A decree thereafter terminating Wanda’s parental rights, based upon findings and conclusions related to the void neglect decree, cannot stand. The court’s findings and conclusions, indicative of past neglect and projected personality disorders in the future on Wanda’s part, include the language of § 40-7-A B(3), (1979 Supp.), but none of the findings indicate that a new or current finding of neglect was considered, requested, or made in the termination proceeding. The petition to terminate, itself, was grounded on the allegations that the child “has been adjudicated a neglected child” and that the termination request was “ancillary” to the neglect proceeding. The termination decree, therefore, resting upon an invalid neglect adjudication, must be set aside.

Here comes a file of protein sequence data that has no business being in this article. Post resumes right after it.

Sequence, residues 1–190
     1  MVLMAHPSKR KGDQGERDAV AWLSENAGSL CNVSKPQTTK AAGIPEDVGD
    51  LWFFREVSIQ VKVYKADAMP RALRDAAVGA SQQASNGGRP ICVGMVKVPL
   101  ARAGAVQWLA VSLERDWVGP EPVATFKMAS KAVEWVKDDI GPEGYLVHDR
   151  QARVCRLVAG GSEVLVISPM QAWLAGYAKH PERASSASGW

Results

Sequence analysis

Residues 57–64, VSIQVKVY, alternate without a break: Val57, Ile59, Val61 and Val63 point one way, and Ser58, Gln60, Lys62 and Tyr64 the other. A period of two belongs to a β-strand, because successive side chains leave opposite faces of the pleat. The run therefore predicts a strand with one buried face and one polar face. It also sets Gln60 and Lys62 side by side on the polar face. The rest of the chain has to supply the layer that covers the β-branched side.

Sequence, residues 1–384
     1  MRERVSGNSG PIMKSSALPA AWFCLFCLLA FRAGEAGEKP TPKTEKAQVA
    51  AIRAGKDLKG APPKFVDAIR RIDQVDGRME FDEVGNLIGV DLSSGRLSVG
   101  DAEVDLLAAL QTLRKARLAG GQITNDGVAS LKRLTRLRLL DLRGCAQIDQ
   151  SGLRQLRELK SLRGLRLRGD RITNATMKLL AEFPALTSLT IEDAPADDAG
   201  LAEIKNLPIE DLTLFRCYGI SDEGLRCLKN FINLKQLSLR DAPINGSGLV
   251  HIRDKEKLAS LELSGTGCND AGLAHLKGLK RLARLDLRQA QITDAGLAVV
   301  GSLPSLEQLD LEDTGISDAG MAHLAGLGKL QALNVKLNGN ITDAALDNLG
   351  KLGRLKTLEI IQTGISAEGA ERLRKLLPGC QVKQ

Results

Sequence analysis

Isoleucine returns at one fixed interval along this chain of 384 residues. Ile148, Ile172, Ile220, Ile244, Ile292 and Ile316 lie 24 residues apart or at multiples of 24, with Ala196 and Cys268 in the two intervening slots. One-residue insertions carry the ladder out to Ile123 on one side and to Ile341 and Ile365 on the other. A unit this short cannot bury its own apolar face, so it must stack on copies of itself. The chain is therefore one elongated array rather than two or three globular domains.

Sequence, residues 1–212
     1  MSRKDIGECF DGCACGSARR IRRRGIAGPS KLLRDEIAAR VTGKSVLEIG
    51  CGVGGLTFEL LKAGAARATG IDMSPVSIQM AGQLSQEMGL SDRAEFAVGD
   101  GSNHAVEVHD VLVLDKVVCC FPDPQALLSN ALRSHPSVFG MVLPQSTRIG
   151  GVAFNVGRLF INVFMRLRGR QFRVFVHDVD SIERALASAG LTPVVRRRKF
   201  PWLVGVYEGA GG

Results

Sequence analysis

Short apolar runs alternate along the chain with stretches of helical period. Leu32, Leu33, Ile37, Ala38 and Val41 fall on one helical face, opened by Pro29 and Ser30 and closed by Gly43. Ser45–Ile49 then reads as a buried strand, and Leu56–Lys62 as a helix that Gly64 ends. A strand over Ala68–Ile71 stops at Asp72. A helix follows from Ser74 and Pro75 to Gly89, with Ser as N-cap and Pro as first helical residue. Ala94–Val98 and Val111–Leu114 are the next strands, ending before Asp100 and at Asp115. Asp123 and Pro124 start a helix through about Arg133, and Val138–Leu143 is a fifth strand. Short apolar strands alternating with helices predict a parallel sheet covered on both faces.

The Department did not respond to Respondent-Appellant’s claim that she was denied constitutionally guaranteed equal protection of the laws but, in view of our holding that there was a failure of due process, we need not decide that issue.
The other two points raised by Respondent-Appellant are not meritorious. Evidence of the child’s statements to witnesses were admissible as exceptions to the hearsay rule, N.M.R.Evid. 803(1), (3), and (24), and there was no error committed in allowing them. Wanda’s attack on Finding 15 did not set forth the substance of all of the timely evidence going to the finding. Thus we do not discuss that point on appeal, N.M.R.App.P. (Civil) 9(d), N.M.S.A.1978, beyond noting that the other findings referred to in the court’s Finding 15, and Finding 15 itself, are insufficient to fully establish the facts required by § 40-7-4 B(3) or (4) to support termination, absent a timely and valid neglect hearing.
The judgment terminating Respondent’s parental rights is reversed. The matter is remanded for proceedings consistent with this opinion. Respondent shall recover her costs on appeal.
It is so ordered.
HERNANDEZ, C. J., and LOPEZ, J., concur.